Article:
Wednesday, 5 August 2015

The fallacy of the great manager!

My second post will be about managers, namely what makes a great manager, an example of an overrated manager and why is this important when you trade!

The definition of consensual metrics to rank professionals, in a reasonable way, it´s a tough issue in several areas and football it’s not an exception. So, the easiest way to rate a manager is based on titles, but is it fair? Ok, silverware is the ultimate goal of every football club, so of course it must be one of the rating items, although it is clear that the chance of winning titles depends on the club you are managing. As an example, if you put the twenty best coaches in the world in the Premier League, there would be only one champion, there would still be three relegated teams and probably the same number of sackings as usual. So it is all a matter of perspective.

When I´m rating a manager from a trading perspective, and throughout the years I created a comprehensive database on that, I rate winning the national league as a higher achievement than winning cup competitions. The reasoning behind this, is the same as why I value a 38 game sample more than a 10 game one, as a trader; in one word: variance. As an example, Roberto di Matteo won the Champions League with Chelsea, is he a great manager? I don´t think so. For a manager with some experience, I also tend to look at past jobs and understanding what the club was before and after the arrival of said manager. An obvious success example that comes to mind is the legacy of Sir Alex Ferguson in Manchester United.
Finally, the most important aspects as a trader: the way the team is organized on the pitch, if it has a clear identity or if it adapts to the opposition and the team’s playing style. Why is this important as a trader? Football like other sports has a high unpredictability component, so the best you can do to prepare for a game is try to understand how it will be played, based on the playing styles of the managers. Practical and simple example: if you see Swansea being forced to play long balls as a consequence of a high pressure strategy from the opposition, it is a really bad sign for their chances as they have a very marked identity of playing a short passing game, which is very pleasing by the way! I must say I admire the vision of the Swansea board to choose managers: Roberto Martinez, Paulo Sousa, Brendan Rodgers and Michael Laudrup. Gary Monk was a player under all these coaches and seems to share the same ideas.

By the way, have a look at Fiorentina this season. They already had a good manager in Vincenzo Montella, but I rate Paulo Sousa very highly and I think he will become a top coach in the years to come. Watch Basel vs Real Madrid from last season if you want to know why! If you are lazy like me, the answer is: great football ideas, which if applied to a better set of players can turn into great things.

This leads me to speak about Carlo Ancelotti as the perfect example of what I call the fallacy of the great manager. As a disclaimer, I understand why he is always appointed to the top clubs as he has a lot of important qualities for this type of job: a gentleman, brilliant manager of egos, well-spoken, high-profile and of course 3 Champions League titles. The fact is that he is training top clubs (Juventus, Milan, Chelsea, PSG and Real Madrid) since 1999 and in a total of 16 seasons he won a total of 3 league titles. Furthermore, he always had at least the same and usually more financial means that the rival managers. On the pitch, it is not great either; as a recent example, in Real Madrid he could never impose a balanced possession style. Instead, he developed an unbalanced fast transitions system, which was able to demolish the small clubs (while often conceding goals) but always had trouble against similar or well-managed opposition. Of course if you join Ronaldo, Bale, Modric, Kroos/Xabi Alonso, Benzema and James Rodriguez/ Di Maria on the same pitch you will get magic moments often and that´s why they trashed Bayern, in the 2014 CL semi-final, with some trademark lethal offensive transitions! The bottom-line is: if you train top players you will always have a change of winning titles and that´s why some public opinion misconceptions arise when it comes to rate managers!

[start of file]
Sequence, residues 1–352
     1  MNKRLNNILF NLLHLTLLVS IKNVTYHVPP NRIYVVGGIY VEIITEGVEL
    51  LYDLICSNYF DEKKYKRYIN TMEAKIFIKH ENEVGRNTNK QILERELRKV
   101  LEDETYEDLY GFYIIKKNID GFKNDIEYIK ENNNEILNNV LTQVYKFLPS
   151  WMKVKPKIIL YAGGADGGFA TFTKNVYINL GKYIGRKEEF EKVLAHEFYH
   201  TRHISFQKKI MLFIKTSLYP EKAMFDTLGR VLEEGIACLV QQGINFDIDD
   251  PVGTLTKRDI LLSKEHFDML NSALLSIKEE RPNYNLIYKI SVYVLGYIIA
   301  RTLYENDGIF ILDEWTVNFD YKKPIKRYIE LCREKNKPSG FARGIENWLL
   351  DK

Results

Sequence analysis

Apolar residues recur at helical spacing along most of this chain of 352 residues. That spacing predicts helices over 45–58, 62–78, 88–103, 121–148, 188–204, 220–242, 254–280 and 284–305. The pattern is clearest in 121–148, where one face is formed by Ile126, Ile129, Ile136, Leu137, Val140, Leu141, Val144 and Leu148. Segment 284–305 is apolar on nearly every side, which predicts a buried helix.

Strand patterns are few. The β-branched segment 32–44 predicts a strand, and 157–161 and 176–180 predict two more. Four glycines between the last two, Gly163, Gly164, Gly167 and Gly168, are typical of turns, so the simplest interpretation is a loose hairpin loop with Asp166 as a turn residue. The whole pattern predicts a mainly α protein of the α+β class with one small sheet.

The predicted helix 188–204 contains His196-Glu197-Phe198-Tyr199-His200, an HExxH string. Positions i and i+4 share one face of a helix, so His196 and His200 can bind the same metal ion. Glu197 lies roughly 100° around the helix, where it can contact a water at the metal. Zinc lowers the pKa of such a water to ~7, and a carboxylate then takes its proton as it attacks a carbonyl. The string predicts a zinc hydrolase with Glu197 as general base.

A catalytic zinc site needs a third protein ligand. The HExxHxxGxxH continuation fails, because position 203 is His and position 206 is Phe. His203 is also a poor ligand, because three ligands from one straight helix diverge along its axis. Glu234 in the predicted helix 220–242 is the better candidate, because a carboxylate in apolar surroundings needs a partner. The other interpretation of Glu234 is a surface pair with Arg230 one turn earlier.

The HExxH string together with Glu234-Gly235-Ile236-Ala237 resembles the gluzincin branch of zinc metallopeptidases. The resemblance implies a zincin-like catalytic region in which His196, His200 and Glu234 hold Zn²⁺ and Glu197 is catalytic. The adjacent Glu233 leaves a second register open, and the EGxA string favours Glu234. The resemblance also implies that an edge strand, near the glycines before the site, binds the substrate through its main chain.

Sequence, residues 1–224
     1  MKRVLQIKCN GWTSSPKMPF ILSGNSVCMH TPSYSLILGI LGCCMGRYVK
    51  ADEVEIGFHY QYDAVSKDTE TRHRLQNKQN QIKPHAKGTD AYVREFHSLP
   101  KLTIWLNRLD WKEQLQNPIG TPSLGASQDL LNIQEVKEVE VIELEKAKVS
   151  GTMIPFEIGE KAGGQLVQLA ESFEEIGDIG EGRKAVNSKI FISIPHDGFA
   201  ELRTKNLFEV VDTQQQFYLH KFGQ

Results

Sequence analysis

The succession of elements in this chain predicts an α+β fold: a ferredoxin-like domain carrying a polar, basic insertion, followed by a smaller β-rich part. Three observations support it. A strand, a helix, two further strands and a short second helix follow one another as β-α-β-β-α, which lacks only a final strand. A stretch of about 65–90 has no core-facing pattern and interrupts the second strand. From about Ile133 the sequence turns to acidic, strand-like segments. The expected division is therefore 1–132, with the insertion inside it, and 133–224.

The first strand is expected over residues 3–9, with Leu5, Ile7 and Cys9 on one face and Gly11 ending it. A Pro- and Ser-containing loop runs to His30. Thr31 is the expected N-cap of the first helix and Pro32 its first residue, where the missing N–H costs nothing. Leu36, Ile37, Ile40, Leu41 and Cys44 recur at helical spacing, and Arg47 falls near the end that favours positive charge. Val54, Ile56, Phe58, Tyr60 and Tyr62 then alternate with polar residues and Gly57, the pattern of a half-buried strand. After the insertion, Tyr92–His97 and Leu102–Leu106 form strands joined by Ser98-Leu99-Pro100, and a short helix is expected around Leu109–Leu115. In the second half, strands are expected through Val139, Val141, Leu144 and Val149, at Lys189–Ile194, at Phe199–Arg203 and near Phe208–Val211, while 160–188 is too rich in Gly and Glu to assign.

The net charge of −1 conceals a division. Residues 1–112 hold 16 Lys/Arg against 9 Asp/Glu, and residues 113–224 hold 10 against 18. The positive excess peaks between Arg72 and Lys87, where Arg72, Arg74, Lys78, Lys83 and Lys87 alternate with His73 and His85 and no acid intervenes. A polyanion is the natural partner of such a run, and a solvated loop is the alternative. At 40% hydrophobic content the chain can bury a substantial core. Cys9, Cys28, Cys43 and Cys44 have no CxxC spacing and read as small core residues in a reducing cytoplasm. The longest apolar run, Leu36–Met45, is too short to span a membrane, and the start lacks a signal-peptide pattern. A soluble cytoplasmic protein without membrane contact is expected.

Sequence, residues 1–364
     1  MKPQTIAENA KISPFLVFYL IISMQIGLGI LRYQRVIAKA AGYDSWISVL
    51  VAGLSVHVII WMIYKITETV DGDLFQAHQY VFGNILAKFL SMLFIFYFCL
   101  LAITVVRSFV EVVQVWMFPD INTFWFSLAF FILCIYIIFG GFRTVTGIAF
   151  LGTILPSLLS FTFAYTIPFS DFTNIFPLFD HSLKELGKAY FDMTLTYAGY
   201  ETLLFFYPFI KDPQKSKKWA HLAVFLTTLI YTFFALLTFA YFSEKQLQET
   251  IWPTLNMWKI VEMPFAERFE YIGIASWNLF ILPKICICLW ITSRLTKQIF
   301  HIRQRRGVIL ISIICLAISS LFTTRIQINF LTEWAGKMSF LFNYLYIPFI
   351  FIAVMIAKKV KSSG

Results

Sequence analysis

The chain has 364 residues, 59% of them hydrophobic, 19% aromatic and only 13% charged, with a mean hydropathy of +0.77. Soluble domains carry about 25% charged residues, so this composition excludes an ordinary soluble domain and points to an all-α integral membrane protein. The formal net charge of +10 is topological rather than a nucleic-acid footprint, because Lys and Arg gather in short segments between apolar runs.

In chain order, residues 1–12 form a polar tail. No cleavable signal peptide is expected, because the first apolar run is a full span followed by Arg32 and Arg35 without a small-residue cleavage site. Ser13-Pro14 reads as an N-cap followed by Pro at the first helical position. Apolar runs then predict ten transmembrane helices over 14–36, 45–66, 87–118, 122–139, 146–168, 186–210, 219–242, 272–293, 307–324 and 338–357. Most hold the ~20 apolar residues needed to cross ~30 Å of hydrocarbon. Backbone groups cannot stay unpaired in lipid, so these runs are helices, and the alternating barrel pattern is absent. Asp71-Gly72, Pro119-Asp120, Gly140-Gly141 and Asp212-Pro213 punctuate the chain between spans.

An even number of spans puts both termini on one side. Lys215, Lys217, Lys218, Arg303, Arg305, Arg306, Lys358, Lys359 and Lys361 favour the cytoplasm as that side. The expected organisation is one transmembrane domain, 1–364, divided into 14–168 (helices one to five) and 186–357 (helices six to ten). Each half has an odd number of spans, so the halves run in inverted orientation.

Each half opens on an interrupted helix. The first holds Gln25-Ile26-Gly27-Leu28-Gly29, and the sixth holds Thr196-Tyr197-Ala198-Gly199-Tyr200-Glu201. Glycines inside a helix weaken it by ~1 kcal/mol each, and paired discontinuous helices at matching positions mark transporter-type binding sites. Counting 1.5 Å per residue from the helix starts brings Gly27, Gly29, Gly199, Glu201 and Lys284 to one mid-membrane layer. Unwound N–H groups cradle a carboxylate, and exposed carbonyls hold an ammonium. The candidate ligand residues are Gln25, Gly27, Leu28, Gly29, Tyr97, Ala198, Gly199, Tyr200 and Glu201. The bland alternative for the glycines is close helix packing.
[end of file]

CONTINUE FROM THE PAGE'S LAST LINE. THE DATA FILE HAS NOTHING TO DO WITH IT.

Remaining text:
1. Sousa has to learn communicate. In other case I don't see big things coming. Basel is very happy that he left the clup. In my opinion he is arrogant like Mourinho, but has not the same achievements yet.

    Nice blog so far, I look forward to read more. Good luck with the blog and the trading (when you can do it again).

    1. Thanks a lot!

      I can tell you that Mourinho is very polished nowadays, compared to the arrogance he showed in Portugal even before he had some kind of success!

      About Sousa, I only heard him 4 or 5 times in press-conferences and I thought he was confident and self-assured but not arrogant. Of course, you, being in Switzerland, have a more complete view. Football-wise, his ideas are perfectly suited to manage a big club!

      As a funny fact, I would not be sad if he fails as in 1993 he betrayed my club (Benfica) to go to our city rivals Sporting! Never forgot that :)